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Five reasons your daughter needs the HPV vaccine

By Esther Muchene | 2 years ago | 4 min read

  Image: Eye for Ebony on Unsplash

In recent years, the world has become more aware of the Human Papillomavirus (HPV). In the past, people were generally ignorant about its causes and effects, including myself. Most adults have come to learn more about it, thus reducing the risk of infection.

For those who have teenagers, there still needs to be more awareness concerning the virus. Teenage years are filled with adolescent hormones, and some teenagers start to be sexually active around this period.

Doctors have been encouraging guardians to take their daughters, in particular, for a HPV vaccine. This will protect them from some of the dangers of exposing themselves to the virus.

Below are some of the main reasons why it’s important to take your daughter for the HPV vaccine.

  • It protects them from some cervical cancer
  • Cervical cancer is one of the most dangerous types of cancer that affects women. The main cause of cervical cancer is the HPV virus. So many cases are reported annually and many of them, unfortunately, result in death; even in women under 30.

    Teens who expose themselves to many sexual partners without protection are likely to be infected by someone who already has it. When this high risk type of virus is left untreated, it could potentially lead to cervical cancer. Prevent this by taking your daughters for a HPV vaccine in order to be safe. Better safe than sorry.

  • It prevents them from sexually transmitted diseases
  • The Human Papillomavirus is one of the most common sexually transmitted diseases that affects people today. The low risk category of the virus usually transfers from one person to the other, causing warts to develop. Warts are irritating and painful growths that can develop on the vaginal area or the anus. These are embarrassing and can incur costs for treatment as a parent. It’s therefore best to get them vaccinated in order to avoid STIs.


    When HPV is left untreated, it could potentially lead to cervical cancer (Image: Francisco Venâncio on Unsplash)

  • It prevents the spread of the virus
  • Many parents are aware that their teenagers might have already had sexual experiences. Unfortunately, some have already been exposed to the virus unknowingly, by someone they came into contact with at one point. If they have already exposed themselves to certain viruses, there’s nothing much that the vaccine can do about that.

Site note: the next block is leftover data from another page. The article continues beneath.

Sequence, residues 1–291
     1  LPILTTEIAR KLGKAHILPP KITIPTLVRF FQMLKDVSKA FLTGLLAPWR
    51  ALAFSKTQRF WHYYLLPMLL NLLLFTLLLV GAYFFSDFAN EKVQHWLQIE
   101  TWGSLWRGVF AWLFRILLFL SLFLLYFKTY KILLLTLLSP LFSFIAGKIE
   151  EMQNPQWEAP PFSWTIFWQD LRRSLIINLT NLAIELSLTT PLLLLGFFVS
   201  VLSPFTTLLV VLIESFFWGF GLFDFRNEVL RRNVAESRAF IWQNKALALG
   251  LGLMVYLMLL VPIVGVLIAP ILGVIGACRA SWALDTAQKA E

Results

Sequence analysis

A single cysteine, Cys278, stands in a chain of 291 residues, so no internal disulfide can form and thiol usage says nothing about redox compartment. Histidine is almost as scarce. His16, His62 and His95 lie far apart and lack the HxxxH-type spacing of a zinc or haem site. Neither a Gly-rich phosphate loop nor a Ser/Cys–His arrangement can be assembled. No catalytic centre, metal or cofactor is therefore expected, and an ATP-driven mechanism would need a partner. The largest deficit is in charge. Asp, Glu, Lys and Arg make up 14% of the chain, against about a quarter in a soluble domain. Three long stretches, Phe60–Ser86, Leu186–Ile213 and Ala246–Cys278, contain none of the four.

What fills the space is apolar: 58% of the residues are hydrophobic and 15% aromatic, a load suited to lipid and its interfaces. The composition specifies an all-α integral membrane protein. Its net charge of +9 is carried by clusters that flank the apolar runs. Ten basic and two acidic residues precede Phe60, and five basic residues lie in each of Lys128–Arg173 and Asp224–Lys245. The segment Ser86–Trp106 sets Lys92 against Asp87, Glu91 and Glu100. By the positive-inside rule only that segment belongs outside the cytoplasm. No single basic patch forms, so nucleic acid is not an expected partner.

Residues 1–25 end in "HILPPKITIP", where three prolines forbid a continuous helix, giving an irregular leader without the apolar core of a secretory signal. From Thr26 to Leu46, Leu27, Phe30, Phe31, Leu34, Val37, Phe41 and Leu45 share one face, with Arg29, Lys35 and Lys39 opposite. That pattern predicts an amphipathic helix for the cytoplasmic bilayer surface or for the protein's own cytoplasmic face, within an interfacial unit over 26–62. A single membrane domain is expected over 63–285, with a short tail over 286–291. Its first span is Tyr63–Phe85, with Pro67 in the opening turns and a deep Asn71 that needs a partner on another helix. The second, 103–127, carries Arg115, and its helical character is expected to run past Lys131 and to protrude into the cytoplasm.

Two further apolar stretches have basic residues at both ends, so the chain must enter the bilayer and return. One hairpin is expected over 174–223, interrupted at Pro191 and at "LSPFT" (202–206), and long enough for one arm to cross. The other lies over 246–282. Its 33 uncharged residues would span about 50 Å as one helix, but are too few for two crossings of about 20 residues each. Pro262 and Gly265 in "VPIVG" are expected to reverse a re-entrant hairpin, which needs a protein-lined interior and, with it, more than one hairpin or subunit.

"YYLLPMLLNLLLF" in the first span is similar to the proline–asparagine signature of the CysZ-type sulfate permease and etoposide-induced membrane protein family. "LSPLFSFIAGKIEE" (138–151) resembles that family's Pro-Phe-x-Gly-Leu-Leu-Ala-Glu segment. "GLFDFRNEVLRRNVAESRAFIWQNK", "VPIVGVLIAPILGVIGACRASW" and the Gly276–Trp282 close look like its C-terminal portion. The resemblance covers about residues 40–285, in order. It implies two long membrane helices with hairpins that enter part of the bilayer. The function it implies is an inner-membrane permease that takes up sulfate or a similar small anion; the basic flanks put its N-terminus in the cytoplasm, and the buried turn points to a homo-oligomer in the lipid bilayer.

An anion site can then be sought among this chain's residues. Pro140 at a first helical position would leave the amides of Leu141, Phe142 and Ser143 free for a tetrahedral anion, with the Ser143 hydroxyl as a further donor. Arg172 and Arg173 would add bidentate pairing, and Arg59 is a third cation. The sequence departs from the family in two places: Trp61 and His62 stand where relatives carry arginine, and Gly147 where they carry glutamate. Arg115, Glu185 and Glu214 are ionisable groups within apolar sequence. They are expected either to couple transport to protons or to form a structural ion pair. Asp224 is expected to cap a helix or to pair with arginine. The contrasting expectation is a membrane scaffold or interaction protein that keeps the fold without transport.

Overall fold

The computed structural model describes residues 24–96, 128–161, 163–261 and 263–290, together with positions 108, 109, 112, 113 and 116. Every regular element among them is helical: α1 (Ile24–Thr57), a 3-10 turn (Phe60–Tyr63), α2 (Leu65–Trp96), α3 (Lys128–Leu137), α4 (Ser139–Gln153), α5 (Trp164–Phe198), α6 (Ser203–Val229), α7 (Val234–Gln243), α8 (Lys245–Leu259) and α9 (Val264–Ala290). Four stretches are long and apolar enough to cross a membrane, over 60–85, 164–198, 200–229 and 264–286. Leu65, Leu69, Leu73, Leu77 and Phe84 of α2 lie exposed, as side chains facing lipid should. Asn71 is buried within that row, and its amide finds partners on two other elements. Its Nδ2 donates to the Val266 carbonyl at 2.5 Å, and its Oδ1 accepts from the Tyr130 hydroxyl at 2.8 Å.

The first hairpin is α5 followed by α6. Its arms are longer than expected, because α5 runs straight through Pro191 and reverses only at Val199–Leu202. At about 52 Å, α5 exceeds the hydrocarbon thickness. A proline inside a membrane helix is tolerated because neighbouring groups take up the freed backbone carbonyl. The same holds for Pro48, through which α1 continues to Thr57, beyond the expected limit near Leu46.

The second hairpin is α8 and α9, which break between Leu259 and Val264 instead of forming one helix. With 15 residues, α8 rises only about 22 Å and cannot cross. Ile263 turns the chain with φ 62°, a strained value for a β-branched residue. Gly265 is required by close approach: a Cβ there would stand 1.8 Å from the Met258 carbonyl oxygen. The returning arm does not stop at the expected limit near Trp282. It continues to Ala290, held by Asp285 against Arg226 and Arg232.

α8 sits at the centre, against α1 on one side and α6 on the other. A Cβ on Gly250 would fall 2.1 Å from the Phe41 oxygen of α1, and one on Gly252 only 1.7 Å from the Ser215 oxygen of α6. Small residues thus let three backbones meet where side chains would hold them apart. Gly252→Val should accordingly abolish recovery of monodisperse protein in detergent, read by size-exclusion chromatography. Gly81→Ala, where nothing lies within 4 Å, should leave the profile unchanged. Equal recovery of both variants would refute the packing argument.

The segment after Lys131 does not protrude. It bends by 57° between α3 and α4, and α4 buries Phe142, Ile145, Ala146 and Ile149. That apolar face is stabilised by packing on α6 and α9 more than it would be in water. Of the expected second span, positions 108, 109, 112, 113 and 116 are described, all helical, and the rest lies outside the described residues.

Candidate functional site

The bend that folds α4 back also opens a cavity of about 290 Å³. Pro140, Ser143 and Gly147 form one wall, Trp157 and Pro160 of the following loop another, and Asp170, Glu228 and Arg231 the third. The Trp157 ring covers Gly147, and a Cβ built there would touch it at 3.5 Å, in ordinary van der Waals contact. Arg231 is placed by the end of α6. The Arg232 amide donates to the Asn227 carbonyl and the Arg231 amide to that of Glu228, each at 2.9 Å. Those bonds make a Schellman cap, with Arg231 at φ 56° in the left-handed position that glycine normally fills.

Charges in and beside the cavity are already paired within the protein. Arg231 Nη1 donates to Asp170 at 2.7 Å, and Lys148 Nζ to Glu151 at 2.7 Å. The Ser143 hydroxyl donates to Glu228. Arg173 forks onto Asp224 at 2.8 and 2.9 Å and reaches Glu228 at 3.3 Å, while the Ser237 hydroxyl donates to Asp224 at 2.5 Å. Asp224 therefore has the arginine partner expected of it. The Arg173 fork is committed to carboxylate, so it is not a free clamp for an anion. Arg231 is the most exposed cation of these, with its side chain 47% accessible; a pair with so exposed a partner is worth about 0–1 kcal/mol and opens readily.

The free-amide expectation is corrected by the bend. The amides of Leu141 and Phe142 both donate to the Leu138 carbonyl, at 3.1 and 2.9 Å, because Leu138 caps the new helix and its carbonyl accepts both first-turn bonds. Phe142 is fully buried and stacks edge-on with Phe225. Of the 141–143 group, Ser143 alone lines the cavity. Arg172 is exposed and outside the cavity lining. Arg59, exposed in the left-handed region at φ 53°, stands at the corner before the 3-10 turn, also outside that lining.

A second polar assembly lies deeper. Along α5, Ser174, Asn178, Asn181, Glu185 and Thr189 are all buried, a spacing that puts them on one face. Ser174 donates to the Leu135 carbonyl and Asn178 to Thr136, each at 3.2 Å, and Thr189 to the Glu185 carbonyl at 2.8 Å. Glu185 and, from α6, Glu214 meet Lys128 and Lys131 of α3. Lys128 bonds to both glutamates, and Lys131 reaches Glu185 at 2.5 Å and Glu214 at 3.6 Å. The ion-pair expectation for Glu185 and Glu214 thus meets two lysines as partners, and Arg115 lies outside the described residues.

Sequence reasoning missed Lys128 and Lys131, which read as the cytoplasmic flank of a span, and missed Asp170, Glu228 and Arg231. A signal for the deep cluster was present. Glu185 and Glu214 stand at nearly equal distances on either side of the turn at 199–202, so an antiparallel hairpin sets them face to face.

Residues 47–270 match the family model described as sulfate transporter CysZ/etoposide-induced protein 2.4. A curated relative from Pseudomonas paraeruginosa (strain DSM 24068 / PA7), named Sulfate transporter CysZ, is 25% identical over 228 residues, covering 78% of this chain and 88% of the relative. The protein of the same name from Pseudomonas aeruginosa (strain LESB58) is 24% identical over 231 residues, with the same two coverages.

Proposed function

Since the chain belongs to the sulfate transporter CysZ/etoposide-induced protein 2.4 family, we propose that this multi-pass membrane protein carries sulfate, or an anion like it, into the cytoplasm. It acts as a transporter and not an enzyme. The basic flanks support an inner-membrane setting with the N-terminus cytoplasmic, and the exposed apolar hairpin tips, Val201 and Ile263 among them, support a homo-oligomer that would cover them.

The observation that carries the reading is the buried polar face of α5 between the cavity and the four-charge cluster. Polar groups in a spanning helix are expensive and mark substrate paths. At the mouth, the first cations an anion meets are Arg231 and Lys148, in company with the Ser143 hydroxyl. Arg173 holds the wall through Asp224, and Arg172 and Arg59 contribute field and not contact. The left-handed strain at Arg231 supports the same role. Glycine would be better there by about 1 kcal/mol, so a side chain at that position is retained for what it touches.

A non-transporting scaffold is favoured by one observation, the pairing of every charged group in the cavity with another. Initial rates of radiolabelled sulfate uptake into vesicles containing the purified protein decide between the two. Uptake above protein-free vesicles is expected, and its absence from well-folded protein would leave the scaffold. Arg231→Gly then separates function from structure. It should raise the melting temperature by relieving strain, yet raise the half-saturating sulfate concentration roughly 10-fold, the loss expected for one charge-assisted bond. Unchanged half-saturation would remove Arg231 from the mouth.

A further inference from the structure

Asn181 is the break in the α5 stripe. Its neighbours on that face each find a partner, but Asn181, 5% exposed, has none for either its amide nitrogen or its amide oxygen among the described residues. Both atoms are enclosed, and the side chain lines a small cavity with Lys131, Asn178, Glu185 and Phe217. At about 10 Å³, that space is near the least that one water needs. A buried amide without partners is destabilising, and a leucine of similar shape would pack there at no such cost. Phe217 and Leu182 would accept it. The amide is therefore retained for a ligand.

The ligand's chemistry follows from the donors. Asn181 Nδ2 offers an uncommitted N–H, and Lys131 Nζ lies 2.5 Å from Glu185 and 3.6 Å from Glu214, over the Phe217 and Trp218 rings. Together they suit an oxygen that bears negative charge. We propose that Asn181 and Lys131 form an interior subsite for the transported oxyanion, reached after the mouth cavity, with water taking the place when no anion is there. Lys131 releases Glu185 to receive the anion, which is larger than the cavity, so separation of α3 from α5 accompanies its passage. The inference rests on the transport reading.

However, it’s still important for them to be vaccinated in order to prevent them from getting more viruses and spreading some of them unknowingly. It is also important for you to support them as a parent if this is the case. Assure them that they are loved and that they need to be more careful in future. This is all part of self-awareness.

  • It lowers the risk of other cancers
  • The Human Papillomavirus is also capable of causing other cancers, other than cervical cancer, to develop. The high risk virus can potentially cause anal cancer, cancer of the vulva and oral cancer.

    Recent studies have also drawn a lot of attention to oral cancers of the mouth and throat, which people should be concerned about. These potentially fatal cancers are life threatening but also preventable. The HPV vaccine, Gardasil, is thus important for teens, especially girls. Getting the vaccine could greatly lower the cases of the above types of cancer illnesses globally.


    Being open about sex with your teens helps them trust you more (Image: Eye for Ebony on Unsplash)

  • It’s a general show of love and acceptance
  • In many parts of the world, talking about sex with children is still a taboo. Many parents avoid addressing the issue, so their kids end up developing without self-awareness in that very important subject. The truth is, some teens are still having sex at an early age, so sometimes the best thing to do is to be open with them about it. Taking them for the vaccine should not be seen as a way of promoting promiscuity. It should help your kids trust you more while at the same time preventing avoidable illnesses.

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